Case Description—A 6-year-old spayed female domestic ferret was evaluated because of lethargy, alopecia, pruritus, and an abdominal mass.

Clinical Findings—On initial examination, nonregenerative anemia, mild azotemia, and a large left adrenal gland mass were identified. However, deterioration of the ferret's general condition prevented excision of the mass, and dyspnea, weakness, hypertension, and severe hypokalemia developed. Plasma aldosterone concentration was > 3,329 pmol/L, confirming a provisional diagnosis of hyperaldosteronism. High concentrations of sex hormones were also observed, but baseline cortisol concentration was within reference limits.

Treatment and Outcome—Medical treatment included oral administration of spironolactone, potassium gluconate, leuprolide acetate, amlodipine, and benazepril. Inhalation of albuterol proved effective in reducing the dyspnea. In the following weeks, serum potassium concentration returned to within reference limits and hypertension decreased, but dyspnea persisted. Two months after initial examination, the ferret became anorectic and was euthanized. Histologic examination revealed a large left adrenal gland adenoma, progressive chronic nephropathy, severe pulmonary edema, and focal fibrosis in the left ventricle. Immunohistochemical staining of the adrenal gland mass revealed aldosterone within neoplastic adrenocortical cells.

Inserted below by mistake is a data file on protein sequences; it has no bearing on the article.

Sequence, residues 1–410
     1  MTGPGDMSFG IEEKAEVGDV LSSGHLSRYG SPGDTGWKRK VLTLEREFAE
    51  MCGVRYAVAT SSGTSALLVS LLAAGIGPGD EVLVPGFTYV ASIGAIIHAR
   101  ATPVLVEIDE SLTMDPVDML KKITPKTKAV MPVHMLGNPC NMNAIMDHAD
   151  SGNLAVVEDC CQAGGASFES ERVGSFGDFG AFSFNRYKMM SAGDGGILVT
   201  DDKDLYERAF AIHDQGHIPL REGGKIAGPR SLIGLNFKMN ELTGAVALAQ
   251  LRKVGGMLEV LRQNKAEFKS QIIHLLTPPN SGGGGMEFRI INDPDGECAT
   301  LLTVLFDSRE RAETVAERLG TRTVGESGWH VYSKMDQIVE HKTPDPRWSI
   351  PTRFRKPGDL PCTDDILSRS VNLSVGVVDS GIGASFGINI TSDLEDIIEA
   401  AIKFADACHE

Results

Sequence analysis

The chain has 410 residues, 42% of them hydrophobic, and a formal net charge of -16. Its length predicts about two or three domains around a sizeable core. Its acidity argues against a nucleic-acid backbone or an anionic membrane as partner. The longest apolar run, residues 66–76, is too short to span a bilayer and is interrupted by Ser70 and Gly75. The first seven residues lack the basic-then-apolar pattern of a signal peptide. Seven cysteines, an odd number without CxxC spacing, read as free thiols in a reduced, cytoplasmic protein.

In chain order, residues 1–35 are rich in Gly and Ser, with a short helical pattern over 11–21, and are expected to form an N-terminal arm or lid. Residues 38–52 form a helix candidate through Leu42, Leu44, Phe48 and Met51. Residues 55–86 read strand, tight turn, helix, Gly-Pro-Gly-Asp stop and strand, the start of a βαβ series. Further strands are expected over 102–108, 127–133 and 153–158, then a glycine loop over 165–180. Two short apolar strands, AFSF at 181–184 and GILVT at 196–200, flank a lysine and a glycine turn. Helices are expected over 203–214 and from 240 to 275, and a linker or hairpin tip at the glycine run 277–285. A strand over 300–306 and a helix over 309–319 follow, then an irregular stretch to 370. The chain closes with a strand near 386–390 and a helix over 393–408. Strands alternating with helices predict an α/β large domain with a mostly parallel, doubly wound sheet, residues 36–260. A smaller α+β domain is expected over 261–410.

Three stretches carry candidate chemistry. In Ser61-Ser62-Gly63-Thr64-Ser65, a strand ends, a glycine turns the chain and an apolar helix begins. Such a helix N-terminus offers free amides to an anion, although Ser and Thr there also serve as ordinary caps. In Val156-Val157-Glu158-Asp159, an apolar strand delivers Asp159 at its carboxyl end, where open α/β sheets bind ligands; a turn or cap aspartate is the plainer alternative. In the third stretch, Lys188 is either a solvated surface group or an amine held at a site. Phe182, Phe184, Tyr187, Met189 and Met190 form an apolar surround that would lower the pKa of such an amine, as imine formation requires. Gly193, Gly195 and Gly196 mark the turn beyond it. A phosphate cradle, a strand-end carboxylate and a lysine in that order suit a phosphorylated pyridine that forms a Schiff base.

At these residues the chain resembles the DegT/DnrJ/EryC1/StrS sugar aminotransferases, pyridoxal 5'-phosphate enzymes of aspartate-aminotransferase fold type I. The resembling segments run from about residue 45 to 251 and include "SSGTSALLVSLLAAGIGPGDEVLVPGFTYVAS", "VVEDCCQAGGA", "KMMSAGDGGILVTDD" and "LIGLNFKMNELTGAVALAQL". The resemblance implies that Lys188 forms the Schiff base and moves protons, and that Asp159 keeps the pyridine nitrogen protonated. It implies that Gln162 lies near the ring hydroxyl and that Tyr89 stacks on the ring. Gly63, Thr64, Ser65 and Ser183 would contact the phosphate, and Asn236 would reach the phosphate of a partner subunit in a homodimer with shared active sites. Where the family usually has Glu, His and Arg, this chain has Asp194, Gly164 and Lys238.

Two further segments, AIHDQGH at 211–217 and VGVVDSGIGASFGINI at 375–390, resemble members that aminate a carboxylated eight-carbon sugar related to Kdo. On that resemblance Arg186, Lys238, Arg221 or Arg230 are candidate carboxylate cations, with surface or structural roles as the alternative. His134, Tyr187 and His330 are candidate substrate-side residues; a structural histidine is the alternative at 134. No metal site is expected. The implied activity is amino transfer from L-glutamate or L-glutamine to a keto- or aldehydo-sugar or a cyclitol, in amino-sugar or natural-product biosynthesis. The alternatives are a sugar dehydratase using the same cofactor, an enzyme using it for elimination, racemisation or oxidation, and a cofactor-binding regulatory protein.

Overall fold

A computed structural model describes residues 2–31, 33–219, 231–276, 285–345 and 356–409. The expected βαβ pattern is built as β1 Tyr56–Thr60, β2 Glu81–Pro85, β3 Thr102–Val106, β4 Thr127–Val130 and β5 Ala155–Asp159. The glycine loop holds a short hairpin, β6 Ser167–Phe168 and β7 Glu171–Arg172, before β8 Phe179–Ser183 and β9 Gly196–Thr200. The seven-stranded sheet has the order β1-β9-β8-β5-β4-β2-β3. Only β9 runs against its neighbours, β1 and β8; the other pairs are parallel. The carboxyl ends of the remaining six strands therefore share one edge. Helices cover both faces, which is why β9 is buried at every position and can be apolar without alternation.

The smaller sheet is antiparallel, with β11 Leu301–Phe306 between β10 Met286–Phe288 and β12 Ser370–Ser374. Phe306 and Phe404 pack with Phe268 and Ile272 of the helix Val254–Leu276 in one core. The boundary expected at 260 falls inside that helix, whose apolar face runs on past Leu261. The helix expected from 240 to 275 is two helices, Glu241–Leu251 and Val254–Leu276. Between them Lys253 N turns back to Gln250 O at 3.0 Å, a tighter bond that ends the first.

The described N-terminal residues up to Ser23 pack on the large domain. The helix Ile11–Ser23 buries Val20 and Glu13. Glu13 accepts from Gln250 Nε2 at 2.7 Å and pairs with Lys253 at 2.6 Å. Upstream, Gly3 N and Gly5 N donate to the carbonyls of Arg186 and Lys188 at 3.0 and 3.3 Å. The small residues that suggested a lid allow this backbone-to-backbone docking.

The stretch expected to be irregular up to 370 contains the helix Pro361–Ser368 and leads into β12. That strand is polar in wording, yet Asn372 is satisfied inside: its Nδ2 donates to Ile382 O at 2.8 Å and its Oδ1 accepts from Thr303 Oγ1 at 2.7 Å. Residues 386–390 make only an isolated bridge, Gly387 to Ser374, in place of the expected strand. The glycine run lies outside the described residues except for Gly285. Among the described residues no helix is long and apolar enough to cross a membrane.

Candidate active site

Clinical Relevance—Findings suggested that primary hyperaldosteronism should be considered as a possible cause in ferrets with hypokalemia, hypertension, and an adrenal gland mass. Early detection of aldosterone-secreting masses might allow for removal of the tumor before irreversible complications occur.

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in Journal of the American Veterinary Medical Association